Fast-forward to the present work-at-home world we live in, and I’ve been forced to buy a webcam and a nice backdrop, too. And a better microphone. With those things in place, I can now stand far enough from an anchored camera to speak and display books while I talk, which means I’ve run out of excuses for delaying this series, which, as I’ve mentioned, I’ve dreamed about doing for years.
The Writer’s Bookshelf: Recommended References and Writing Resources.
This series will contain 16 episodes a season, with each season focusing on a particular theme, and season one focusing on the writing life and story structure. The plan is to debut a new title every Friday at 10am EST on my YouTube channel until the end of the year, and then start up a new season sometime in the spring.
The way it’ll work is that I’ll tell viewers about “this week’s book,” why they should want it, and what to expect from it, or how it can help them if they read it. I’ll do so through loose, one-sided conversations with them. What I won’t do is talk about every detail or get into every point the book makes. The emphasis is that the book is one you should read if you care about improving your writing career, but if you want to get the most out of it, you’ll have to actually read it. I’ll also encourage viewers to post links to their blogs or Wattpad profiles if they want to share something they’ve written based on something they’ve learned. I’ll also post new articles simultaneously on this blog to announce which book we’ll be covering that day and embed a link to the video so anyone can check it out.
You can watch the seven-minute introduction to the series here.
And when you’re done with that, you can check out our first book of the series:
Yep, did you really think we’d start with anything else? Watch the video here.
Oh, and if you care about high quality videos, then you’ll have to wait until I can afford a better camera and a better studio setup for that. One way you can help expedite that process is to encourage at least 10,000 of your friends to buy copies of my e-books (the ones that actually cost something), which you can check out via the side panel. You do have 10,000 friends, right?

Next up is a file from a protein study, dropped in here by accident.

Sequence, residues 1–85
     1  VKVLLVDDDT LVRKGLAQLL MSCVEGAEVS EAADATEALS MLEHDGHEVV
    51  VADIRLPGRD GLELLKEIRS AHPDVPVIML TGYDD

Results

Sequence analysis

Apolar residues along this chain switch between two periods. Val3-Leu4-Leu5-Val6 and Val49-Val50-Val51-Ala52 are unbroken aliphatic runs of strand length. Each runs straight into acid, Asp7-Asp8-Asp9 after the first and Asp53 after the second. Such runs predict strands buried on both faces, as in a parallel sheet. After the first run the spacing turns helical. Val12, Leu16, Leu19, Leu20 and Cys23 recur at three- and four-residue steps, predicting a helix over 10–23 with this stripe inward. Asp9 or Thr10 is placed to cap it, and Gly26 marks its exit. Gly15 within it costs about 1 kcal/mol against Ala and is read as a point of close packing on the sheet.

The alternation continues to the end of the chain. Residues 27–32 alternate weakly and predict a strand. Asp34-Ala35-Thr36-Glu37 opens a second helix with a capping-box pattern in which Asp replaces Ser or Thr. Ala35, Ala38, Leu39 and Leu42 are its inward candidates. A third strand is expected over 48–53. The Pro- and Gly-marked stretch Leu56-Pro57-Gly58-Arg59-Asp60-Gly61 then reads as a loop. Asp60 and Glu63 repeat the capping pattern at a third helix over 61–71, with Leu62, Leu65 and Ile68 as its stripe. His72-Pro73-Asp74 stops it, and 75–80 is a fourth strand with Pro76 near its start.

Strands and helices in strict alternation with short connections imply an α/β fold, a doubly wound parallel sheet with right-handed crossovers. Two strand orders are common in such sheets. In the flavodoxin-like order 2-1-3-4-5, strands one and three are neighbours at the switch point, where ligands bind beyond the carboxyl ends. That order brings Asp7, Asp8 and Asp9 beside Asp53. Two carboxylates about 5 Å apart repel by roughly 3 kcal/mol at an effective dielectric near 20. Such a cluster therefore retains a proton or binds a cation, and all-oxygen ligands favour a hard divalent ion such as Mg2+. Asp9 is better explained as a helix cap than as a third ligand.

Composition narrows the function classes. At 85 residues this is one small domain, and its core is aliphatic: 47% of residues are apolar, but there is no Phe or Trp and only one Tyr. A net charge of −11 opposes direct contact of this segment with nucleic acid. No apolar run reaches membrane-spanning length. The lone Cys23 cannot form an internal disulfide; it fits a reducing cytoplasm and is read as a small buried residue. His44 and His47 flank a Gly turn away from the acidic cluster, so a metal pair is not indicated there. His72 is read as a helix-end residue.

Writing a novel is no straightforward process, in spite of what the “experts” may say.
Okay, the experts, whoever they are, make no actual claim that writing a novel is straightforward, though the pantsers (like me) will argue that it comes pretty close, given that we start at the beginning and drive toward the ending, discovering as much as we can along the way (hardly straightforward, even though the momentum is almost always forward). In reality, of course, writing a novel takes planning, dedication, and follow-through, with a heavy dose of insanity—I mean organization—and reaching its proper ending will require seeing it at both the big picture level and the micro-scenic level. In short, writing a novel means you gotta have some foresight. There’s no way around that.
But I didn’t always have a problem with that.
For years, I would just open a document in Microsoft Word, crank out a chapter in a day or two (or sometimes a week if I let it get too large), and move on to the next one, making sure to save it in a folder dedicated to the novel. Once I’d finish the last chapter (usually six weeks to a year later, depending on the novel), I’d read what I have, take notes on what I like and what I don’t, and then move on to the next revision. Then somewhere along the line I’d decide that something doesn’t work, at which point I’d start adding, moving, or removing scenes, relabeling my documents to something better reflective of its current state, and make such an atrocious mess of my work that nothing would make sense anymore, yet I’d somehow bring it back together, and then I’d shelve it for a few years until somebody would ask me if I’ve written anything lately, to which I’d say no, then go back and see if I actually like that old novel that I blew up in the rewrites now, because, hey, somebody reminded me that I should really finish what I started because, hey, I’m not exactly starting on anything new. At that point, I’d take note of the scenes I like, try to rethink the ones I don’t, and then shelve the thing yet again for another few years because now I have no idea where to begin fixing it.